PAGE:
The Sock Company That Didn't Start by Making Socks

It's easy to start with something we like to do and do it.

It's easy to start with something we're able to do and do it.

It's easy to figure out our strengths and make something happen through them.

You know what's not easy? Getting people to care about us doing those things.

A lot of people start here. They think about what they want to create, make it, then try and find people to buy it or consume it.

It's really difficult to create a brand this way. It's not impossible, but it's difficult.

My friend Sean McCabe posed this idea to me earlier this week:

"We often start with WHAT we're doing and then follow up with WHO we're doing it for. What if you started with WHO you want to help, and then figured out WHAT they need or want?"

I recently stumbled across the brand Bombas. They make high-quality socks, but that's not why they're in business.

In 2010, Randy Goldberg and David Heath found a quote saying the most requested clothing item at homeless shelters were socks, because socks can't be donated. They wanted to help get good socks to the homeless people who needed them.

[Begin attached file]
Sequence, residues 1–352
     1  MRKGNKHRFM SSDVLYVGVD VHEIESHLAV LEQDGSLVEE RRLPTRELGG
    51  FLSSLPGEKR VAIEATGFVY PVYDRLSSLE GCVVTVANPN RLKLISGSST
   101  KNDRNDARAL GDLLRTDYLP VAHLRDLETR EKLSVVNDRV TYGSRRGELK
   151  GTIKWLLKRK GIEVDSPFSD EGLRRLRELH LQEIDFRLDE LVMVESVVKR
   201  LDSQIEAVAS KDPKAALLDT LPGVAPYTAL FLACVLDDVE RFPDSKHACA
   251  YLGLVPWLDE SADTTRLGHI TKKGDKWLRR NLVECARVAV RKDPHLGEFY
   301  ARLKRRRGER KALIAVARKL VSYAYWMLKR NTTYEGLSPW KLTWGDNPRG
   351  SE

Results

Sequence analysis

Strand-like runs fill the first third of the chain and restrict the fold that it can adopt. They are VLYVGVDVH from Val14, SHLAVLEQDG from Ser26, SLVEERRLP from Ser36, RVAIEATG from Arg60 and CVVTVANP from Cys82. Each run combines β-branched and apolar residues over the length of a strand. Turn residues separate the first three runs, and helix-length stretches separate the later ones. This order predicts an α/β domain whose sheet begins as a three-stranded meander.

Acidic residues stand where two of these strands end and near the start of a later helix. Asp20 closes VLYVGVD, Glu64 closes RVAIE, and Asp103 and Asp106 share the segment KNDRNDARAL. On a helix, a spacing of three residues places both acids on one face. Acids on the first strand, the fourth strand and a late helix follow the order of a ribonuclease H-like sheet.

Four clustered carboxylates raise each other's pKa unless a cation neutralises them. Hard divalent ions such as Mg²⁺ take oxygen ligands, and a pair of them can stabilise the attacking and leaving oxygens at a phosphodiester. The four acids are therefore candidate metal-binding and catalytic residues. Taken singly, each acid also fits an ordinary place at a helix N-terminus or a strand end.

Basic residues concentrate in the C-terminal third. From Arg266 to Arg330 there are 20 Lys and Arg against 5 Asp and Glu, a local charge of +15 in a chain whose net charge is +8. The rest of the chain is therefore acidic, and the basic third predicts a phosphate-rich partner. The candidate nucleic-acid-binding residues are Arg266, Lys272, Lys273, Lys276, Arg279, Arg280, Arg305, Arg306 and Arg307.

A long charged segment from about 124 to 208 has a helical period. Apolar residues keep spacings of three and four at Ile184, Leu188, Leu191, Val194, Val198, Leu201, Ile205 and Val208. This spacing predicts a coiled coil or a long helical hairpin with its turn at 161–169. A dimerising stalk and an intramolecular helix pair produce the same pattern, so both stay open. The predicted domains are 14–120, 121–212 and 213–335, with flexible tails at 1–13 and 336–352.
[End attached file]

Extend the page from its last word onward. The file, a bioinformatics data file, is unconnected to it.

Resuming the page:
Randy and David started with WHO. They wanted to help homeless people care for their feet and improve their lives even in a small way. Their solution was to start a sock company with a 1-to-1 model where when a customer buys a pair, Bombas donates a pair.

In less than two years, Bombas donated over a million pairs of socks.

They didn't start by saying, "We want to make socks". There are dozens, if not hundreds of companies already making socks. They started with a care and concern for a particular kind of person, and they went from there.

If you have a difficult time determining your target audience, it's because you're doing it backward. You're starting with WHAT you're doing and trying to match it to a certain kind of person, instead of finding WHO you want to help or impact and doing something for them.

I often say that what you do is never as important as who you do it for, and WHO you're for can help determine WHAT you do.